Fast Facts About Sex Addiction
Fact 1: Sex addiction is controversial as a diagnosis.
To the extent that sex addiction exists, it is considered to be a hypersexual disorder. Sex addiction is not recognized as a clinical diagnosis, but generally is considered to be an ongoing compulsive and dysfunctional preoccupation with sexual fantasy that can include compulsive masturbation; compulsive viewing of pornography; voyeurism; exhibitionism; and obsessive pursuit of casual sex. Addictive sexual behaviors may be strong enough to interfere with the daily aspects of a person working, living, and engaging in positive intimate relationships, and to cause anxiety and depression.
Fact 2: Sex addition is not the same thing as sexual abuse.
Sex addiction and sexual abuse are not the same thing. Sex addiction refers to compulsive thoughts and behaviors. Sexual abuse typically involves emotional manipulation, and may or may not include coercion or threats of harm to the victim. Some of the many factors that can lead to sexually abusive behavior include sexual attraction, attitudes and beliefs about gender roles, a sense of entitlement, and antisocial traits.
Fact 3: Treatment must focus on the right issues.
Because sex addiction and sexual abuse have different causes and result in different behaviors, treatment must be customized to the person’s individual risk and needs. Treatment of sex addiction generally will not address the factors that lead people to sexually abuse others, and vice versa. Individual treatment needs must be carefully addressed.
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The following citations reflect research, publications, and presentations by current ATSA members.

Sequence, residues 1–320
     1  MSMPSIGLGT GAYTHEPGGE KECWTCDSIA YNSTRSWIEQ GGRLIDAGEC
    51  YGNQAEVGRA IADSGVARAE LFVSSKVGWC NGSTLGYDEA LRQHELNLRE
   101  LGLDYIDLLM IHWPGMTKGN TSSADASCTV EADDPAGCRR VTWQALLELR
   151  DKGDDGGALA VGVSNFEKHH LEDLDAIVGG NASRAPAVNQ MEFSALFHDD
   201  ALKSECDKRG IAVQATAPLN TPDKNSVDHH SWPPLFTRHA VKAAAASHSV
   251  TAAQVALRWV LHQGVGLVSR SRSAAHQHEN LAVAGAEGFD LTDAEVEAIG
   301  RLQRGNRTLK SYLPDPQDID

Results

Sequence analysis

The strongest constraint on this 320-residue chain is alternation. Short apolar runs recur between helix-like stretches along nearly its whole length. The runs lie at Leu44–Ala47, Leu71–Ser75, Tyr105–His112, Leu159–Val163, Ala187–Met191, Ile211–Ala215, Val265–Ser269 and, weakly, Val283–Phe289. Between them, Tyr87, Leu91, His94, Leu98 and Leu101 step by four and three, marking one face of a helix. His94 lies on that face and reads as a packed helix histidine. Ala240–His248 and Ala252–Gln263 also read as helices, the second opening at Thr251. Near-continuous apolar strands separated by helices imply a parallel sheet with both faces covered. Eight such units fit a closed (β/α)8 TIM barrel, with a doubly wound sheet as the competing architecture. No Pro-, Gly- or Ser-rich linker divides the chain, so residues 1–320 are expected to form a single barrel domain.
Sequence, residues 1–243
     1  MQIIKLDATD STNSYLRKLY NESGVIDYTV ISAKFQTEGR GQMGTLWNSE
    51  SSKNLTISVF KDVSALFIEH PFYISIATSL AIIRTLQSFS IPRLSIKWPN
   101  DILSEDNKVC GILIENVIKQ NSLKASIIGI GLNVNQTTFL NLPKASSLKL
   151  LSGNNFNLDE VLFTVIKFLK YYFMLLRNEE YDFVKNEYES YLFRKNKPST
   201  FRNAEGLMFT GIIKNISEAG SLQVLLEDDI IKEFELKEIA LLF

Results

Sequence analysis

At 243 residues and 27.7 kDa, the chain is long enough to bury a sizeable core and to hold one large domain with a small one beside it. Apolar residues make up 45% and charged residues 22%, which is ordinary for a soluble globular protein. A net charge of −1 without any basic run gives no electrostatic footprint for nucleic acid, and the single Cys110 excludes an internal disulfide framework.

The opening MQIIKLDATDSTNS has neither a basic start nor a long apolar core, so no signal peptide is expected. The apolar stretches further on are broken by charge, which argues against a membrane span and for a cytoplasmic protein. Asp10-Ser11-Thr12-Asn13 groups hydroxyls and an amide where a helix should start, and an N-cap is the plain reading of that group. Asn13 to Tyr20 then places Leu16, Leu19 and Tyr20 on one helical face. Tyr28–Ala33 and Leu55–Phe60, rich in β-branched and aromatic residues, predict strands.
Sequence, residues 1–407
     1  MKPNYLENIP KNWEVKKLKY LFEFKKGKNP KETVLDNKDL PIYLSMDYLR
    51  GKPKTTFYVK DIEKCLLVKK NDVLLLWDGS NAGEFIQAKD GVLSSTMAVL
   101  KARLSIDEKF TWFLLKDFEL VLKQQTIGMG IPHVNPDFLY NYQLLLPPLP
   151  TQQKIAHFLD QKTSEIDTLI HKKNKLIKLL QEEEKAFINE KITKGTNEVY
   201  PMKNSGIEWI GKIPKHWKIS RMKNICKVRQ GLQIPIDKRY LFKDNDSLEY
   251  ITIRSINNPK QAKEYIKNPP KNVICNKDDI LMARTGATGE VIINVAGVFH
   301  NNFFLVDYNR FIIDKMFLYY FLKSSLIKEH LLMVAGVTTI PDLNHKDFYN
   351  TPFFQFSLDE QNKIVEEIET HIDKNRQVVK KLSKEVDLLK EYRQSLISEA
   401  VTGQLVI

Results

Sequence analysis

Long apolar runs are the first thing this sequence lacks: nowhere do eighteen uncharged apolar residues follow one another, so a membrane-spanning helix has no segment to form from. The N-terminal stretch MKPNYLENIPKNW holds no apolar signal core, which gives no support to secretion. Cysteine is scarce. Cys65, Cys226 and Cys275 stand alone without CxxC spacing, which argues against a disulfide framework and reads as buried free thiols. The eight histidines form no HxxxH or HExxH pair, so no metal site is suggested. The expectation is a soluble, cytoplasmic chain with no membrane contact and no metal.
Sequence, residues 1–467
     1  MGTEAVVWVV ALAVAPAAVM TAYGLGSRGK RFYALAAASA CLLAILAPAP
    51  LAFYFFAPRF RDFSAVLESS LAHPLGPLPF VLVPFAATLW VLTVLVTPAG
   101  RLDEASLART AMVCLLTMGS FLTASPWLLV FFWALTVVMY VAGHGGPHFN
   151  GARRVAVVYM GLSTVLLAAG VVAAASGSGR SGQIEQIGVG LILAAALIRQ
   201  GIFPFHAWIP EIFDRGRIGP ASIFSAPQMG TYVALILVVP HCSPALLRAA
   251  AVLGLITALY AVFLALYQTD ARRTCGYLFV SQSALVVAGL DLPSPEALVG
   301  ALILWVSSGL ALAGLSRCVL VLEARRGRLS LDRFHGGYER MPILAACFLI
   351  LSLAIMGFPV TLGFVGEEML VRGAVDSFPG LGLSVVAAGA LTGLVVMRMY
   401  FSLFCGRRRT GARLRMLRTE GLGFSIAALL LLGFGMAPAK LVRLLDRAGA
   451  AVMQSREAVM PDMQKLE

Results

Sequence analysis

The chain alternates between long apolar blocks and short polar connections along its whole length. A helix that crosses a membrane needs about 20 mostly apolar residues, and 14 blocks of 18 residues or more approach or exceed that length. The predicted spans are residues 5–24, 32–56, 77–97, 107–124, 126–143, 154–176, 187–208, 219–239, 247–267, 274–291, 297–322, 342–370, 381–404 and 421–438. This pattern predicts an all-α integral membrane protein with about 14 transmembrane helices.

- Compulsive sexual behaviour disorder in the ICD-11: Kraus, Krueger, Briken, First, Stein, Kaplan, Voon, Abdo, Grant, Atalia, & Reed (2018)
- Is hypersexuality dimensional or categorical? Evidence from male and female college samples: Graham, Walters, Harris, & Knight (2015)
- Hypersexuality and recidivism among sexual offenders: Kingston & Bradford (2013)
- Compulsive sexual behavior inventory: A preliminary study of reliability and validity: Coleman, Miner, Ohlerking, & Raymond (2011)
- Assessment, diagnosis, and management of hypersexual disorders: Marshall & Briken (2010)
- Diagnosis, assessment, and treatment of hypersexuality: Kaplan & Krueger (2010)
- Preliminary investigation of the impulsive and neuroanatomical characteristics of compulsive sexual behavior: Miner, Raymond, Mueller, Lloyd, & Lim (2009)
- Problematic hypersexuality: A review of conceptualization and diagnosis: Kingston & Firestone (2008)
- Sexual addiction in incarcerated sexual offenders: Marshall & Marshall (2006)
- Excessive sexual desire disorder among sexual offenders: The development of a research project: Marshall & Marshall (2001)
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